Voltaire is an extremely contemporary figure, with his continual intelligent questioning of the religion and morality of his time. In that time he was the gadfly of Europe, sparkling and flashing with erratic brilliance and helping to sow liberty in the minds of the eighteenth century.

In his new biography, Derek Parker follows the events of his life – his contact at a very early age into the company of the best minds of France, his friendship with aristocrats (who proved untrustworthy); his imprisonment for impertinence to the court, his visit to England (a country which much impressed him), and his continual fights with church and state. His most famous work is still Candide, the novel prompted by the disastrous earthquake in Lisbon in which many thousands died, and which the churchmen of the time blamed on the sinfulness of man. The parallel with the recent tsunami is instructive: still, the church maintains that the universe is ruled by an all-loving and all-powerful God, but is unable to explain why he does not love man enough to stop the disasters which kill thousands of innocents. Voltaire doesn=t have an answer, but his demolition of Christianity is complete and perhaps unanswerable. >The people who need the help of religion to be honest men are much to be pitied=, he said – going on to hope he might live to see >the most ardent of my wishes fulfilled – the last king strangled with the guts of the last priest.= Would that he were alive today, if only to hear his views on Mr Blair and Mr Bush.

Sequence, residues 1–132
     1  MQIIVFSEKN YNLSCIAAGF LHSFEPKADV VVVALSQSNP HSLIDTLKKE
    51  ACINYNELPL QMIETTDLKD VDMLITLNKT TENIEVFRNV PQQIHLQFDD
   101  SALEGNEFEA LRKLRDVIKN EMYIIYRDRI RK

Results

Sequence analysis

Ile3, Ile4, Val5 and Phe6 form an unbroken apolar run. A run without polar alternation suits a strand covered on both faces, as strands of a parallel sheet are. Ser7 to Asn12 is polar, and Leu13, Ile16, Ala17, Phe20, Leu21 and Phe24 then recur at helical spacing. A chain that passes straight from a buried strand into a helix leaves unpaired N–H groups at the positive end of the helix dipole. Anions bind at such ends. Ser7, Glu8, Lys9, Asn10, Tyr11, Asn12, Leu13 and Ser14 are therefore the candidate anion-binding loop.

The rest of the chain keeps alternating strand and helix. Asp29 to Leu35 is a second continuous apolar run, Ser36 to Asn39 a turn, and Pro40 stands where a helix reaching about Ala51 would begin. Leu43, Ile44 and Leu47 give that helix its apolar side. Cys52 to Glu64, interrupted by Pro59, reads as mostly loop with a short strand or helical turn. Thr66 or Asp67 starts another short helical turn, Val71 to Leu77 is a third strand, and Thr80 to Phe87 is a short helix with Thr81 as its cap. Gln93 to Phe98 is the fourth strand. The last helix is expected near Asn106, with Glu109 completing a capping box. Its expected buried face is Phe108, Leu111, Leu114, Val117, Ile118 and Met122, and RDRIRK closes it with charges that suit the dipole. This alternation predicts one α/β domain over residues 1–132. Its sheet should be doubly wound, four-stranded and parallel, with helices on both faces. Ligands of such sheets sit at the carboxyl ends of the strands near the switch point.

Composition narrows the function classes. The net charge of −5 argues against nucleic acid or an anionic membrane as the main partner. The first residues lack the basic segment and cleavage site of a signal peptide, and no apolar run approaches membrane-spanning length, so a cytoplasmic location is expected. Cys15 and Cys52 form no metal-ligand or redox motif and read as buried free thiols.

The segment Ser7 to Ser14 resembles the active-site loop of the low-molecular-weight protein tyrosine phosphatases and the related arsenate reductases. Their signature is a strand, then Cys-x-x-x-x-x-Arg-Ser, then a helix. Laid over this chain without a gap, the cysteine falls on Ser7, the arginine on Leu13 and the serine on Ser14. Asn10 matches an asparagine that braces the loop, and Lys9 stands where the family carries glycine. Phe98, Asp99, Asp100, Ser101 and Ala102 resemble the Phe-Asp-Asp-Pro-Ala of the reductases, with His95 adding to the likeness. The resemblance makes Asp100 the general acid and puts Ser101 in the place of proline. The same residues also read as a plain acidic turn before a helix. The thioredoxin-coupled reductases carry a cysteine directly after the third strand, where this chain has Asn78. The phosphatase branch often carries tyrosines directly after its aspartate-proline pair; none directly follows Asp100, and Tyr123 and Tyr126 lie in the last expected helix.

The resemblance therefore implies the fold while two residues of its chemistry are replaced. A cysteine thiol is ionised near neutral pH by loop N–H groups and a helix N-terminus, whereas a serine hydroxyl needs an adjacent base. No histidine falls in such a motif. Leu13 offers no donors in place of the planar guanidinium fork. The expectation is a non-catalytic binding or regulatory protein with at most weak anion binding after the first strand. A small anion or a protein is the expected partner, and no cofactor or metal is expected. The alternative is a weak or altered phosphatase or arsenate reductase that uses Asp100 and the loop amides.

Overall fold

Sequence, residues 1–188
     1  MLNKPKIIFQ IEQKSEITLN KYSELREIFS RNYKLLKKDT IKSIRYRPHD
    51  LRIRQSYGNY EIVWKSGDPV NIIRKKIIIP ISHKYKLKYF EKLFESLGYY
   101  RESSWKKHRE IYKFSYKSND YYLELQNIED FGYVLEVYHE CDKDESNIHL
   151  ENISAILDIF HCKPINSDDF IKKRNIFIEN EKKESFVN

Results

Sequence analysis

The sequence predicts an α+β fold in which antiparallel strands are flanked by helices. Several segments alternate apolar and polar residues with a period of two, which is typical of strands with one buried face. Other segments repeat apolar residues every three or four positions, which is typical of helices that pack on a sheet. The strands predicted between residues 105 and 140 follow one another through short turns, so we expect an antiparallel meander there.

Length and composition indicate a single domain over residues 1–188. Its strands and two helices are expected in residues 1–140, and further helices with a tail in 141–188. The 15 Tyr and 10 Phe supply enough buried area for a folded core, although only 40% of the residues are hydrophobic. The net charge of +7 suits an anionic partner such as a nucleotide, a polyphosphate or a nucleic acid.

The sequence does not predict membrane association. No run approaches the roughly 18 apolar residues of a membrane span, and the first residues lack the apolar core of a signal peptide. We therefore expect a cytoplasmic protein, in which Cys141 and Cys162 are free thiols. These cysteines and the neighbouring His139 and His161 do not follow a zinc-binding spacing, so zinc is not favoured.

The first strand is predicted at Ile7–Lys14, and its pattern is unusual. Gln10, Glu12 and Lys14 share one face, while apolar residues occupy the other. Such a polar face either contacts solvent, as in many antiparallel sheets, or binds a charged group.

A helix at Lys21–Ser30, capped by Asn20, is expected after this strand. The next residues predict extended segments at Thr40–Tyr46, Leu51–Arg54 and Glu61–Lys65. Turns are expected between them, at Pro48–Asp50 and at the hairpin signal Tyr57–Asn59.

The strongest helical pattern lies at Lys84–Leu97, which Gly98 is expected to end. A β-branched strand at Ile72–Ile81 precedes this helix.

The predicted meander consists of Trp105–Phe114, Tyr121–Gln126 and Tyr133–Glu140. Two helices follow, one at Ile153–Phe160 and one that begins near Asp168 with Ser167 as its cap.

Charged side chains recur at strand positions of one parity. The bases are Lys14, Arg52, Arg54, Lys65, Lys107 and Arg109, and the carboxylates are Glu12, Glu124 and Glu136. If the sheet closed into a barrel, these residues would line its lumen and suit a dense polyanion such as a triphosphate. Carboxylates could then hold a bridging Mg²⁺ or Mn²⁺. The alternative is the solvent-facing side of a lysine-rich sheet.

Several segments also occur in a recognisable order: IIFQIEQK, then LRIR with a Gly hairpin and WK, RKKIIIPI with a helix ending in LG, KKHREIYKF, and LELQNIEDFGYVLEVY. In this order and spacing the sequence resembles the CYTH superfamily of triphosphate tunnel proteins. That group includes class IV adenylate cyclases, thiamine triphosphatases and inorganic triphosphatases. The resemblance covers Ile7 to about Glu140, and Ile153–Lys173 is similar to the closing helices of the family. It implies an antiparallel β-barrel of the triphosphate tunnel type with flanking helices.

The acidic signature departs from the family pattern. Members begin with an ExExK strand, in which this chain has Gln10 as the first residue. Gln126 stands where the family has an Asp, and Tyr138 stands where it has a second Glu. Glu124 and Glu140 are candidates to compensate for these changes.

He wrote incessantly – hundreds of thousands of words poured from his pen: plays, poems, essays, countless letters. His friendships with Frederick the Great and Catherine of Russia were close, but insufficiently close to rescue him from Frederick when he was too impertinent, and was chased from the Prussian court with spies at his heels. The lost of his life was one of the most intelligent women in Europe, Emilie de Breteuil, Marquise du Châtelet; yet by the time she died (giving birth to a child by another man) he was already living with his niece, a vulgar ignoramus whose only appeal was presumably in the bedroom.

This is the first biography for some time of one of the most remarkable men of eighteenth-century history – the man who, at the end of his life, was almost crowned by his countrymen.

Viltaire should be available at good bookshops in the UK, USA and Australia. It is published by Sutton, and its ISBN number is 0-7509-3440-9